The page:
In a world of universal deceit, telling the truth is a revolutionary act, George Orwell

Indignez-vous ! Stéphane Hessel

“Le courage c’est de chercher la vérité et de la dire ; c’est de ne pas subir la loi du mensonge triomphant qui passe, et de ne pas faire écho, de notre âme, de notre bouche et de nos mains aux applaudissements imbéciles et aux huées fanatiques ”.” – Djordje Kuzmanovic




dimanche 30 octobre 2016

Blog Post Looking at the Russian fleet sailing by (eng)


Looking at the Russian fleet sailing by....

Not so long ago, I was in a restaurant & watched a magician at work at our table, there one kid in particular that was smart enough not to look at the handkerchief waving, but on what else the magician was doing. Of course, the kid spotted the secret of the trick and the magician was obliged to quieten him down. 

Fast forward to about 10 days ago, the British tabloids were waving the equivalent of their handkerchief, “the Russians are coming and are sailing down the Channel.” Likewise, politicians and media alike had their field day, mostly on mocking the Russian’s Navy Kuznetsov’s large volume of black smoke coming out of the funnel. And then a whole load of memes were rustled up and everyone had a good laugh. Some media pundits spoke about the majority of the Fleet, having sailed down, well, no, not quite the whole, just about 10%.  There were 8 surface ships in total, with 4 being auxiliaries (tugs & tankers). The other combat ships included:

The flagship: the nuclear powered cruiser Pyotr Velikiy: and 2  ASW- Udaloy class destroyers, Kulakov and Severomorsk.

Just what are we supposed to make of all of that?

A lot of the media fuss was centered on the hot geopolitical chestnut called Syria, more precisely Aleppo.  NATO officials & EU politicians said that the fleet would participate in the Russian bombing of Aleppo and kill civilians. Consequently, at a very late stage, a public campaign was started to ban the entry of the fleet from both and Valletta. It was instigated by Avaaz and EU politicians, predominantly based on calling the Russian group a “fleet of death”(1).   Apparently, it is totally irrelevant that the US & other NATO member states actively provide support to the Saudis in Yemeni airstrikes, where countless civilians are killed weekly. The hypocrisy of the EU has no boundaries.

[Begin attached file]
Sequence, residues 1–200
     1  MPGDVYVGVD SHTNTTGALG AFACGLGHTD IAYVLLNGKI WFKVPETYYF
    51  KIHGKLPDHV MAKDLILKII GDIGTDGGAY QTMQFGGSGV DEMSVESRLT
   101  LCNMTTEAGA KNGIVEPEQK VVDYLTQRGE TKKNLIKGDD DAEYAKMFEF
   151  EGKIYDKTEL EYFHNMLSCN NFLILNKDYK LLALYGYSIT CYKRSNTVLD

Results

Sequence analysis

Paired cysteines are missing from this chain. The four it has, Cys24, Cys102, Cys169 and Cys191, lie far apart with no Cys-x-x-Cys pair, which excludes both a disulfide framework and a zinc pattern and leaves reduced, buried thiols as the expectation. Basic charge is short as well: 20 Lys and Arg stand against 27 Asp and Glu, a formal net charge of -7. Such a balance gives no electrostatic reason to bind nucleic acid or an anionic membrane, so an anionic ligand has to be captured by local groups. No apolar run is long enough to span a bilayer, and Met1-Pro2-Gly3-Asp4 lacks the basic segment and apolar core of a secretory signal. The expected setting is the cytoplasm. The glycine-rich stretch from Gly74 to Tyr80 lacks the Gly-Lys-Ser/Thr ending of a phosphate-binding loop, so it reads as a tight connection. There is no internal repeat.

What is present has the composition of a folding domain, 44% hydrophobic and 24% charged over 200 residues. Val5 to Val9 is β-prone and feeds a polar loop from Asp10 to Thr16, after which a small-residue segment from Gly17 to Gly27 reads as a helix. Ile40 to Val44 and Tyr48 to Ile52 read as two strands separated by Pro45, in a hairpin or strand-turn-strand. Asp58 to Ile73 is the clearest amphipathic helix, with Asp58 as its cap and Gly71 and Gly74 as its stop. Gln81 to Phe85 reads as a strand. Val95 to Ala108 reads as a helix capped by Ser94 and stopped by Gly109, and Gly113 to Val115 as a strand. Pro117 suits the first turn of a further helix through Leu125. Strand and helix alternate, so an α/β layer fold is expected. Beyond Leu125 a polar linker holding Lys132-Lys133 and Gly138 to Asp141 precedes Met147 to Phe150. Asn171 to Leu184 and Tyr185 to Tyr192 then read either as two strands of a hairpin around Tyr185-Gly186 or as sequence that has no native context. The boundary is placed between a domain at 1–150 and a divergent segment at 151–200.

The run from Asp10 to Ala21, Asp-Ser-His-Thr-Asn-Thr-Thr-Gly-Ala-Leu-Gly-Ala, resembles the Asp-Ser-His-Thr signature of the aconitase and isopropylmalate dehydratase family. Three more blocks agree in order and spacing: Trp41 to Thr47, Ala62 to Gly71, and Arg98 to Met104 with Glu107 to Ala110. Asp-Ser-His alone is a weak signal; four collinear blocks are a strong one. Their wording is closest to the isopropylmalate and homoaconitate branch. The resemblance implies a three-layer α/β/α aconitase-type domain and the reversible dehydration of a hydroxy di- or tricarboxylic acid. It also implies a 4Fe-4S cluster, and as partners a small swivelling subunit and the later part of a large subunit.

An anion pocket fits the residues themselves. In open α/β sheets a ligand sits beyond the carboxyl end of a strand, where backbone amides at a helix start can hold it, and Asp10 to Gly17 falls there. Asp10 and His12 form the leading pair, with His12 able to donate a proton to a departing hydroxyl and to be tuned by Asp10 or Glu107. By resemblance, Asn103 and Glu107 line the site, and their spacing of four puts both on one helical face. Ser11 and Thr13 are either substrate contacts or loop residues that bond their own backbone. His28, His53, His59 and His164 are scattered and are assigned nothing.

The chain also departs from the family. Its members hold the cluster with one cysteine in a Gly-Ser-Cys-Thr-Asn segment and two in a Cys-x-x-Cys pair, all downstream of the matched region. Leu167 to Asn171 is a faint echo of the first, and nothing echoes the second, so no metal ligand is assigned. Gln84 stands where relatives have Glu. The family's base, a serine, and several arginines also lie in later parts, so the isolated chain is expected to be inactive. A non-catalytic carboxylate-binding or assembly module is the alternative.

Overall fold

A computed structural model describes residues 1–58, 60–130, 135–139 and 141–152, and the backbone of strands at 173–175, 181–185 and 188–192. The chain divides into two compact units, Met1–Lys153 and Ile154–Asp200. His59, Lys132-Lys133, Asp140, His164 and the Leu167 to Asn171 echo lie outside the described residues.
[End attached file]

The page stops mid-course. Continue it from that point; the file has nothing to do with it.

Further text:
NATO Secretary-General Stoltenberg said in an interview (Oct 26) : “The thing which is different this time is that we are concerned about the possibility that the Kuznetsov carrier group can be used as a platform for more attacks against Aleppo and Syria, and thereby exacerbating the humanitarian catastrophe we already see in Aleppo and Syria,” …“And therefore we are following this more closely and we are concerned about the potential of increased Russian airstrikes against Aleppo,”  (as reported by TASS). Plainly, Stoltenberg is trying to make a mountain out of a molehill. 

The Russian Northern Fleet deployment of the Kuznetsov & escorts is not strong enough to change the situation in the Levant.  The banning of the Russian naval ships wasn’t a success story for those concerned, maybe just another feather in their caps.  If anyone had studied the small print concerning the Kuznetsov, they would have seen the stated range of over 15000 km at a speed of 18kts. So there is no need for the Kuznetsov to need to call into a port, (more so one under NATO umbrella). In fact, the politicized bans probably impacted the smaller auxiliary ships the most. In any case, the fleet had 3 support tankers at its disposal, known colloquially as oilers. So, it seems that refuelling & replenishment was undertaken off the Moroccan coast.

Russia is catering for all eventualities.